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   9. Digestibility and digestive organ development in indigenous and improved chickens and ducks fed diets with increasing inclusion levels of cassava leaf meal.

Authors: Khieu Borin, Lindberg, J.E. and Ogle, R.B., 2006.
Journal of Animal Physiology and Animal Nutrition 90 (5-6), 230-237
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Summary: A total of 400 day-old birds, including 100 each of local chickens (LC), broiler chickens (BC), local ducks (LD) and White Pekin ducks (PD), was obtained from a local commercial hatchery. At 90 days of age, 48 representative males from each species and breed were selected for the experiment. The mean initial live weights of the LC, BC, LD and PD were 1.00 ( 0.046), 2.79 ( 0.078), 1.17 ( 0.038) and 2.41 ( 0.073) kg, respectively. Replicates of four birds of the same species and breed were confined in cages made from metal nets and bars and aluminium sheets. Each cage had two feeders and one water trough placed between the feeders, and the cages were placed in an open-sided house with a grass roof.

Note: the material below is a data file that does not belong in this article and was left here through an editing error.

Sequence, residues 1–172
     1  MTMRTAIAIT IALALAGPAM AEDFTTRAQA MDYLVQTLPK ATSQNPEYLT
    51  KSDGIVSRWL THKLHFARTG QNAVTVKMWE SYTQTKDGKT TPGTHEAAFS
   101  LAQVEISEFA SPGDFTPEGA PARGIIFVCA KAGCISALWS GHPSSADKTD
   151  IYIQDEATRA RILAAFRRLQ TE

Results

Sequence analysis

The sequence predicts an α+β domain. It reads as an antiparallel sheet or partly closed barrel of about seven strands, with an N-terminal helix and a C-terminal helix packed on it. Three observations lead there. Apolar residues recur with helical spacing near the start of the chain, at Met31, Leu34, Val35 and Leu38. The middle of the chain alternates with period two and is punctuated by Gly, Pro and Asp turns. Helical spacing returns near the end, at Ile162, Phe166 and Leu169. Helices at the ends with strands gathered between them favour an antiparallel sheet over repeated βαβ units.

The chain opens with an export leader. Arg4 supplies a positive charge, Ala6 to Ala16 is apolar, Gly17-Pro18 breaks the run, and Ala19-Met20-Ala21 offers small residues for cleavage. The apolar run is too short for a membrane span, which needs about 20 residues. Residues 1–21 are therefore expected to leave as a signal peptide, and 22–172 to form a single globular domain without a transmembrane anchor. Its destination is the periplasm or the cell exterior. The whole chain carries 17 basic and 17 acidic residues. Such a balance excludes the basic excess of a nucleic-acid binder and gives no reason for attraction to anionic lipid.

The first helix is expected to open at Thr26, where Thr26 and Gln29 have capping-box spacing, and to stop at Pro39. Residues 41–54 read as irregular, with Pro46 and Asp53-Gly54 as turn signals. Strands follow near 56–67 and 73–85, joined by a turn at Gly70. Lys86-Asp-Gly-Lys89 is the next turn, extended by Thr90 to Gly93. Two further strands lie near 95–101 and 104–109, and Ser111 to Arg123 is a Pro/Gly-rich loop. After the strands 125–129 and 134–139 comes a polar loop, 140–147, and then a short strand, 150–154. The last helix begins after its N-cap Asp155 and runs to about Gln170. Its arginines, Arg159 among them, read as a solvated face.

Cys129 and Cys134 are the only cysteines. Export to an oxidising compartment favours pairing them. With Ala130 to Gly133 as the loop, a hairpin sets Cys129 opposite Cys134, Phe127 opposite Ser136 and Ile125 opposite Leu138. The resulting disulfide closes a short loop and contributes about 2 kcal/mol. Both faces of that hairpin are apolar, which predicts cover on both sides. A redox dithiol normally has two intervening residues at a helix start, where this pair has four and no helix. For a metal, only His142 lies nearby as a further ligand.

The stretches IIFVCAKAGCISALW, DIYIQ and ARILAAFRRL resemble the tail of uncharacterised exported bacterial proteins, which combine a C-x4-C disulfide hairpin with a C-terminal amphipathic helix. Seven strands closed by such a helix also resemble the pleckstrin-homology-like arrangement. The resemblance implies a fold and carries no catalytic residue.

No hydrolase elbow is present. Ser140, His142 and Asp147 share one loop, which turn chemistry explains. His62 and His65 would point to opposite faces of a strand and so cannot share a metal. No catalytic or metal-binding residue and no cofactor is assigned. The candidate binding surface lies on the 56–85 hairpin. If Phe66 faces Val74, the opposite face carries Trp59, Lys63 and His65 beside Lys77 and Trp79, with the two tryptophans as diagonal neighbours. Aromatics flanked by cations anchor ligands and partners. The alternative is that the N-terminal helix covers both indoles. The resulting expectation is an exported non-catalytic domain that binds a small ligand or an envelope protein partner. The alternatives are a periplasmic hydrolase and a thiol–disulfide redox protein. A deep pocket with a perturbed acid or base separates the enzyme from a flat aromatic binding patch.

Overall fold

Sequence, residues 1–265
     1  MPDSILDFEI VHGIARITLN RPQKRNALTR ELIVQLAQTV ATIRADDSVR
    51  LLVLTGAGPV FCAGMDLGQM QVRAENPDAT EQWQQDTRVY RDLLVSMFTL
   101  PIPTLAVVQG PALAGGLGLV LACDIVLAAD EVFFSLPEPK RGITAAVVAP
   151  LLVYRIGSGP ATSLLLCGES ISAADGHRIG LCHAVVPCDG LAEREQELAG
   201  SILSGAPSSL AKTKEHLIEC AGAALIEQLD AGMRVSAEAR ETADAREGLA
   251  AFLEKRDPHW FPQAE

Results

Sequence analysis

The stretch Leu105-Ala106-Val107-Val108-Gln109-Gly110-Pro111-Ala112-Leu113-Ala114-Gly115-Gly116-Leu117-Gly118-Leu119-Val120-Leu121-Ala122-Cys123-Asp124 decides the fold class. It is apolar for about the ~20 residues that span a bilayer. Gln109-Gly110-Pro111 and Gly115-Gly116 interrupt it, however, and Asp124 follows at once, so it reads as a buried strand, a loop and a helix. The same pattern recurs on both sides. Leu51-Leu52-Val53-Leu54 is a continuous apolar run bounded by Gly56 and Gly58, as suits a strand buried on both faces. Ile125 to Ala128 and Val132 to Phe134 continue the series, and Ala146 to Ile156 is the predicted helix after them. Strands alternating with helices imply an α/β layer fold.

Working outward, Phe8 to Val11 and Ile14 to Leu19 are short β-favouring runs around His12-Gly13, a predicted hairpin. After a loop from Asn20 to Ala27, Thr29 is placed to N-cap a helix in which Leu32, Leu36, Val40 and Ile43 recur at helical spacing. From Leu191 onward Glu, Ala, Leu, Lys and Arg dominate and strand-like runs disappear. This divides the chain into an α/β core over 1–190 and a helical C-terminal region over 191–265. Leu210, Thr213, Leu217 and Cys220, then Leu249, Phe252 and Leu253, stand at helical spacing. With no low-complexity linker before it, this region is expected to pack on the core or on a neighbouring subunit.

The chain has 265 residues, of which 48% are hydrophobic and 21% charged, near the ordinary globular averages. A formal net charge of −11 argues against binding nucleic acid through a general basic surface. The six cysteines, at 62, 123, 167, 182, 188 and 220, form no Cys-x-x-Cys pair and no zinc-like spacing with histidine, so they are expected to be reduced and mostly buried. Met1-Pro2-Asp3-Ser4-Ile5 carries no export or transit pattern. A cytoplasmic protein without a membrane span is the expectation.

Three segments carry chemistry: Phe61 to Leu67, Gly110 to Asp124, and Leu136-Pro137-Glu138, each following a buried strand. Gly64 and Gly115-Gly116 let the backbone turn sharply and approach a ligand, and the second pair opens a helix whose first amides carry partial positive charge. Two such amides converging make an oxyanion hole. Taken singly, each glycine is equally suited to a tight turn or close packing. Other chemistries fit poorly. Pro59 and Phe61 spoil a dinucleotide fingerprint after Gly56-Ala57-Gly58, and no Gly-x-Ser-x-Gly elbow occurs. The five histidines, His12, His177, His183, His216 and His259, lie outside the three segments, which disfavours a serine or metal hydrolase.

Abstract: Growing indigenous Cambodian chickens and ducks, and broiler chickens and White Pekin ducks were fed diets containing 0%, 7%, 14% and 20% of cassava leaf meal (CLM) to study the effects of CLM level on diet digestibility and gastrointestinal tract (GIT) and organ development. The coefficient of total tract apparent digestibility (CTTAD) of dry matter (DM) and intake of digestible DM decreased with increased dietary CLM. DM and digestible DM intake was higher for local breeds than for the corresponding exotic breeds, and higher for ducks than for chickens (p < 0.001), although there were no species or breed effects on CTTAD of DM (p > 0.05). Weight of small intestine, caeca, gizzard and pancreas, expressed as per kg body weight, increased with increased CLM in the diet (p < 0.001). There was no consistent diet effect on liver weight. Length of small intestine and caeca, expressed on a mass-specific basis, increased with dietary CLM content (p < 0.001). When expressed as per kg body weight small intestine, proventriculus, gizzard, pancreas and liver weights, and small intestine length, were higher in ducks than in chickens (p < 0.001), and were higher in the indigenous than in the improved breeds (p < 0.01), except for small intestine weights, which were similar. However chickens had higher weight of caeca (p < 0.001) and colon (p < 0.01) in absolute units and per kg body weight.

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